A Word about Versions

Microsoft is revising the tools described in this book at an amazing clip, with each revision generally improving on the last. At the same time, prerelease builds of Windows Whistler and related versions of debugging tools are arriving almost weekly at times. Amid this flurry of activity, it is impossible to write a book on a specific version of any one tool. The approach taken here is to capture what is common and most current when discussing the tools and their various features. Except where noted, what is stated about the tools is true across versions. What are ignored are the idiosyncrasies of the specific versions of each of these tools. Once the debugging tools stabilize, as Microsoft heads from Windows 2000 into Windows Whistler and Windows NT 4.0 becomes a memory, it is hoped that this book will be revised to reflect the specifics of the shipping version of the tools and the operating system.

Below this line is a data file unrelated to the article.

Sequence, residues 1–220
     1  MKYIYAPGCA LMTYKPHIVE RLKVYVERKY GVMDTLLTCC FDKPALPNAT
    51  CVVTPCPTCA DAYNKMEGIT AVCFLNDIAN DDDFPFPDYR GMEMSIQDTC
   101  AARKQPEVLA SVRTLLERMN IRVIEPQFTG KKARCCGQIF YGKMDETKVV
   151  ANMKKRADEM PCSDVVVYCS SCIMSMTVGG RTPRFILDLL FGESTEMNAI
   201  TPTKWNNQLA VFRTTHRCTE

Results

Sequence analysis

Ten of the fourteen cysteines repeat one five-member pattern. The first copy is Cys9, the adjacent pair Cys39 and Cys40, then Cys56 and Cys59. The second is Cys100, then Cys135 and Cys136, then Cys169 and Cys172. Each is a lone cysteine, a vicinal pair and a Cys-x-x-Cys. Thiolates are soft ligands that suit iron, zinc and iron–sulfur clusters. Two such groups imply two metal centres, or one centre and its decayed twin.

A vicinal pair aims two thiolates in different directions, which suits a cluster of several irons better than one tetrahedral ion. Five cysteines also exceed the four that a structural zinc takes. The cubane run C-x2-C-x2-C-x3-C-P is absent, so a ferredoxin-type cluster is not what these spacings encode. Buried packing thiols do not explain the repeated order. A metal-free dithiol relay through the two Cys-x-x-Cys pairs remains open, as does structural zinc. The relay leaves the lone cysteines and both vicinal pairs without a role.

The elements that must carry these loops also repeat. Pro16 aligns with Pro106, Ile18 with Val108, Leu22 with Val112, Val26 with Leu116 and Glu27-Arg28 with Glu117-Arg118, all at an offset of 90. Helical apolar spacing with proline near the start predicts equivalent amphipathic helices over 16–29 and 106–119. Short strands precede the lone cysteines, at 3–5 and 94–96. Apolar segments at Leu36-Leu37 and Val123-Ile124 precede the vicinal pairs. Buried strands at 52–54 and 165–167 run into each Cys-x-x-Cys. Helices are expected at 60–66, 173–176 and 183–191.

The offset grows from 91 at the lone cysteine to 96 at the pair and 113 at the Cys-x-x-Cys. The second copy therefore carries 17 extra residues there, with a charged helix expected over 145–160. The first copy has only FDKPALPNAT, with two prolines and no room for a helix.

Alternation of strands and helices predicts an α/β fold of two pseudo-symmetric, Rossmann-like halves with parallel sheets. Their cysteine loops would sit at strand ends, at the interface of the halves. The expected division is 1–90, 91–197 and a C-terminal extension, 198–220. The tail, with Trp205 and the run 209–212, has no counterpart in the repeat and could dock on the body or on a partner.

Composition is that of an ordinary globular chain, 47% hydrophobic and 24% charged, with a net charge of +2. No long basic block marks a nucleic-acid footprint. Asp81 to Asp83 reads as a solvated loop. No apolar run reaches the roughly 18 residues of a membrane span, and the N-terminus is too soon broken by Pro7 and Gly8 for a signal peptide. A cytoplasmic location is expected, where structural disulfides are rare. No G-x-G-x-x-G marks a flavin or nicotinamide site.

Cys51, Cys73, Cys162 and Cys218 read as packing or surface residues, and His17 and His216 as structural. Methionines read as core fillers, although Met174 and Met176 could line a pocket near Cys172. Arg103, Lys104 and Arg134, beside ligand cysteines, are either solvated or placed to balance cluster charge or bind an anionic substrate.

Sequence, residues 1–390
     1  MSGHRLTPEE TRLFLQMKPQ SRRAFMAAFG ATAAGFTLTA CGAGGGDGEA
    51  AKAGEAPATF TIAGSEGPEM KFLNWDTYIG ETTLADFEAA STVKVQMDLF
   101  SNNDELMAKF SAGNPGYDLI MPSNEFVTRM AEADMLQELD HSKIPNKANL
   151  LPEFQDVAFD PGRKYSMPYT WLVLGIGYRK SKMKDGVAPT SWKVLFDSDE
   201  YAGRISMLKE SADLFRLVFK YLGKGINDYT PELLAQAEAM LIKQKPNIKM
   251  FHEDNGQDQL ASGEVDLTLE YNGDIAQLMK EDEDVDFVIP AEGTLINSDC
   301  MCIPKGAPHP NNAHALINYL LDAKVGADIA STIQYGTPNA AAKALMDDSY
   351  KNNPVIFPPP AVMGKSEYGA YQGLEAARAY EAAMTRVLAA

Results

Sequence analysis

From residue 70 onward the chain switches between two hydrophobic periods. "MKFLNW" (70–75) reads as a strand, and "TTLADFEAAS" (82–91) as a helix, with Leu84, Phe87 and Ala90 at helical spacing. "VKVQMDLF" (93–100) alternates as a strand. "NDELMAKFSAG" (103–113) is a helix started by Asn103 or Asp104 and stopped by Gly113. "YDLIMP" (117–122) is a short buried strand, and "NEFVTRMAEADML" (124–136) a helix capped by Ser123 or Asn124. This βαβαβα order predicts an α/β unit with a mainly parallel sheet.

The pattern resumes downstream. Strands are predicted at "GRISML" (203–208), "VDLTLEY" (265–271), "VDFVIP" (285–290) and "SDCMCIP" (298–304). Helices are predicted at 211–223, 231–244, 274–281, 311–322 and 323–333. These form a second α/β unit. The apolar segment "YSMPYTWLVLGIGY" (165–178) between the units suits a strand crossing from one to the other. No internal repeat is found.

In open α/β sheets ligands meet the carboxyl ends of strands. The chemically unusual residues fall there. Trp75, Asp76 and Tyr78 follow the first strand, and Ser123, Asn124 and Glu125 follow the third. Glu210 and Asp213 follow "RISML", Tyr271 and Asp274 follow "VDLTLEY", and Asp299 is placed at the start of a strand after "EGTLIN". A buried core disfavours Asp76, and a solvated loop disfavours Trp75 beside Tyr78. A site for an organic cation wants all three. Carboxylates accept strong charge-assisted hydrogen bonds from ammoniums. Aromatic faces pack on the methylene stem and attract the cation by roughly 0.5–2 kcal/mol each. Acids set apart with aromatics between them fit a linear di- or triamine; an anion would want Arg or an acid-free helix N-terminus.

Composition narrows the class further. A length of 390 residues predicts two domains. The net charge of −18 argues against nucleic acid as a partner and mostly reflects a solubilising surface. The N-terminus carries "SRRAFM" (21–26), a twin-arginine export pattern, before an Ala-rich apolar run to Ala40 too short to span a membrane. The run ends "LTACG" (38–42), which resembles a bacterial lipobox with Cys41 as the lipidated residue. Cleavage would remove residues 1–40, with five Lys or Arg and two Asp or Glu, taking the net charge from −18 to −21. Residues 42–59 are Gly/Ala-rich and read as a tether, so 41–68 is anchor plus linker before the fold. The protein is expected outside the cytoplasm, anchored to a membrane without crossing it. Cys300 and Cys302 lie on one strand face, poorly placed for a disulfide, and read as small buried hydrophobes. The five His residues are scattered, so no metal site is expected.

This Book Isn't Endorsed...

Although parties within Microsoft were aware that this book was being written over the past year, it is not endorsed by Microsoft, nor was Microsoft's cooperation solicited or offered during its writing. Likewise, as I wrote the majority of this text, I was a member of the Windows NT Engineering Team at NCR Corporation and the System Software Team at Network Engines. Both NCR and Network Engines kindly encouraged and supported the effort, but no one at either company officially reviewed or endorsed this work. The contents of this book are the responsibility of the author alone. No materials that would be considered confidential or proprietary by any of these companies were used in the preparation of this work.

Book's Web Site

This book has a web site at ...

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Table of Contents

Preface XV
Audience xv
Book Organization xv
A Word about Versions xvi
This Book Isn't Endorsed... xvi
Book's Web Site xvii
Acknowledgements xvii
1 Introduction 1
Why Debug? 2